The latest attack on Ahmadis, in Gujranwala, came complete with the usual features. A group of people, angered by an alleged act of blasphemy, identified a few Ahmadi homes to vent their ire on.
Once again, reports say the police were unable to fathom the urgency of the situation; controlling religion-based mob violence is apparently not a subject they are well versed in. Or there may have been simply a lack of will to intervene.
Whatever the case, the police failed to come to the rescue of a community that is all too often persecuted. With this attitude, it is unsurprising that, apart from the police, no other administrative arm of government was there. Many houses were set on fire and at least three lives were lost because of suffocation.
The administrative approach to this latest incident of members of a minority community being targeted inspires little hope that the perpetrators of the violence will ever be held accountable. The standard response of the government and of society is to shrug off such instances, to take them in their stride — and without any signs of guilt.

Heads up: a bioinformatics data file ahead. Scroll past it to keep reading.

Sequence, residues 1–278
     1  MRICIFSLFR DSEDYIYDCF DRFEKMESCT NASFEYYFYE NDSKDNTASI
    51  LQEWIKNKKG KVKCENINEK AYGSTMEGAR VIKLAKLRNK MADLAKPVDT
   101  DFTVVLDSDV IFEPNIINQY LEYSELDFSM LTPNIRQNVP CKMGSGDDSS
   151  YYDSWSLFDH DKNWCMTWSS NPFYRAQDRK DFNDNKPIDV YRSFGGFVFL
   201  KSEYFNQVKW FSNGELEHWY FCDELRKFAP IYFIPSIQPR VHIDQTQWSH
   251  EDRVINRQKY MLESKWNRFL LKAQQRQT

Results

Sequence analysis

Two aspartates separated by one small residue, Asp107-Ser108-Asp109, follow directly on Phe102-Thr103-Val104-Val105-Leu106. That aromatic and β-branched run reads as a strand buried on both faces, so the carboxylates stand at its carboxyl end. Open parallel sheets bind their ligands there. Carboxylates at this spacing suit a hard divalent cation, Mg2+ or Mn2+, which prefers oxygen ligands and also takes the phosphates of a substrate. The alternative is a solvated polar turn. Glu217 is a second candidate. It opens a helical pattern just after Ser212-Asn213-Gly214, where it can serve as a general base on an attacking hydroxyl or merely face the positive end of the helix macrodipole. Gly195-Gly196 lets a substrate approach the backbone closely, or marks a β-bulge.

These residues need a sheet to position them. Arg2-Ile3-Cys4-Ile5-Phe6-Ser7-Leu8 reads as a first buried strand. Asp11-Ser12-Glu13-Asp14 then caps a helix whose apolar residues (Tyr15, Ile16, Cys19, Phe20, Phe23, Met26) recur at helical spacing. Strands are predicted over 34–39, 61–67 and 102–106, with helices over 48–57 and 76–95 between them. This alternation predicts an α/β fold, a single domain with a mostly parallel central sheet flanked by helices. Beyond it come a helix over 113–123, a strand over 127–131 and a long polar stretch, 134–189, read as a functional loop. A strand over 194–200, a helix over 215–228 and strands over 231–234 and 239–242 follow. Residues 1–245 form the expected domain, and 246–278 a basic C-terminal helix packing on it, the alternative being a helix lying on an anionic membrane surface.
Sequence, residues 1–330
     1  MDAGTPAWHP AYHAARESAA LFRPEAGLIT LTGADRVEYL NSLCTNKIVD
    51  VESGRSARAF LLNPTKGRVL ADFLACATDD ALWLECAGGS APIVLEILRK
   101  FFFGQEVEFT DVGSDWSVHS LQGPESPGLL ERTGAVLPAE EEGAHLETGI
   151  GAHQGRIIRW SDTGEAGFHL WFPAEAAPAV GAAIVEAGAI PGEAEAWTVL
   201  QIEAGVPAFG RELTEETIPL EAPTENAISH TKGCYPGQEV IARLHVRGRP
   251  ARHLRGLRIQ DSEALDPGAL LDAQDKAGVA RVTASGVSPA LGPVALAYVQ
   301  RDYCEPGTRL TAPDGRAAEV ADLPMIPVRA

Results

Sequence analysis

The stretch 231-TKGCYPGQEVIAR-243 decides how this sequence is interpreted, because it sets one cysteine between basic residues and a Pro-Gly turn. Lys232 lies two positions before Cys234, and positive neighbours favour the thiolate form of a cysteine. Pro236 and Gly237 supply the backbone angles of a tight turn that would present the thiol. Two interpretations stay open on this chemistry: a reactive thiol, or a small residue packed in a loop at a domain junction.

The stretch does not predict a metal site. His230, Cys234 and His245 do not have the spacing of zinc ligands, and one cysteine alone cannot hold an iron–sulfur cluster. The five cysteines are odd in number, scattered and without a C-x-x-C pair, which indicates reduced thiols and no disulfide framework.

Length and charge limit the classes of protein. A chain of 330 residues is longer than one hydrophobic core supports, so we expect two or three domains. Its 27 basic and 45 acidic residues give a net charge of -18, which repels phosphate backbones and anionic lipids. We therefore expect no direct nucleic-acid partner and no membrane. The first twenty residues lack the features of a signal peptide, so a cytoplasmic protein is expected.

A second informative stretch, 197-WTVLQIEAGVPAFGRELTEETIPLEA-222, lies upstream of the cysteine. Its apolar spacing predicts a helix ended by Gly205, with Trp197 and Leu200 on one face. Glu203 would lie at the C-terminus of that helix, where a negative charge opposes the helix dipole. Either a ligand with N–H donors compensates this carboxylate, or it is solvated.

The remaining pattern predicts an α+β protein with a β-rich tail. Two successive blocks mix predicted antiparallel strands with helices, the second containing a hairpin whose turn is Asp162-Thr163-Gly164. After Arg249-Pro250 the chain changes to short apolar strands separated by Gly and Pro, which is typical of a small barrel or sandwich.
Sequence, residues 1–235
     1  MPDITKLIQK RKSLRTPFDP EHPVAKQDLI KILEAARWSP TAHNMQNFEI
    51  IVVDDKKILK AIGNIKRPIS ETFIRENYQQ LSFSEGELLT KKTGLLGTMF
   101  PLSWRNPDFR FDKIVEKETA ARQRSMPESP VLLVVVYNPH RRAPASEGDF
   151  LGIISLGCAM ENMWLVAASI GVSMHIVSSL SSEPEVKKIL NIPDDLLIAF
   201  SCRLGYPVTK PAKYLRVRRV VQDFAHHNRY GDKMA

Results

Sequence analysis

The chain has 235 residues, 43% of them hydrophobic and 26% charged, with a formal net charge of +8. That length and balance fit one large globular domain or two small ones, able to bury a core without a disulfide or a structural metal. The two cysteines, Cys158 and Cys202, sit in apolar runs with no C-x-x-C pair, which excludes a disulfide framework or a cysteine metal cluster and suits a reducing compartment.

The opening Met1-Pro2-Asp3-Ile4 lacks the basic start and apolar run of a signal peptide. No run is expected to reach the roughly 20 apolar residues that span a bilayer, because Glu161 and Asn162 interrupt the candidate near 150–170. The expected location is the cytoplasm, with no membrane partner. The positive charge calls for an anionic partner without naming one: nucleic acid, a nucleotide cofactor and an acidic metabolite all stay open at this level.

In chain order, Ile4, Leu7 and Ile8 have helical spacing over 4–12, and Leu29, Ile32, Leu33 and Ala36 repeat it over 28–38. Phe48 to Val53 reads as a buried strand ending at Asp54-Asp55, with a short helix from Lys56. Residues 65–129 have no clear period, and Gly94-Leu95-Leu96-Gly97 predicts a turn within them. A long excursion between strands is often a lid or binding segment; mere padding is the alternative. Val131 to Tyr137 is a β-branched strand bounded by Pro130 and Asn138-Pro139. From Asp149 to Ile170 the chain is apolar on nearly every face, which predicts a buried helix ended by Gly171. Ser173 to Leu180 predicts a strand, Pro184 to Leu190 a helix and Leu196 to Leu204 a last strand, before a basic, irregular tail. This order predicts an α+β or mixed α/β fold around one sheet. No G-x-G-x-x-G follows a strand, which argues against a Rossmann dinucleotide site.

This attitude in turn promotes a culture that not only condones but actually facilitates the next, inevitable faith-based attack. Not too long ago, a US-based Ahmadi doctor was murdered soon after he came to Rabwah to work in a hospital.
More recently, an Ahmadi man was murdered in Nawabshah in Sindh. This incident, along with a series of mob raids on temples in the same province, indicates the spread of the faith-based menace of intolerance to areas once considered free of such bigotry.
The hate network is spreading and striking with increasing frequency — unimpeded. Instances where there are some courageous calls for justice are getting rarer. Those who do speak out expose themselves to serious consequences.
Not even the judiciary, which prides itself on having taken up causes on its own in recent years, has been moved by the persecution of the minorities to traverse this difficult territory.
Consequently, the choices for those facing faith-based persecution is either to resign themselves to the situation — which means simply waiting for their turn — or try and flee the country. That is a sad reflection of today’s Pakistan.
Each one of us has contributed to this state of affairs, some with their silence, others, who are assigned the duty of protecting the citizens, with their inaction that encourages and empowers the zealots.
Published in Dawn, July 29th, 2014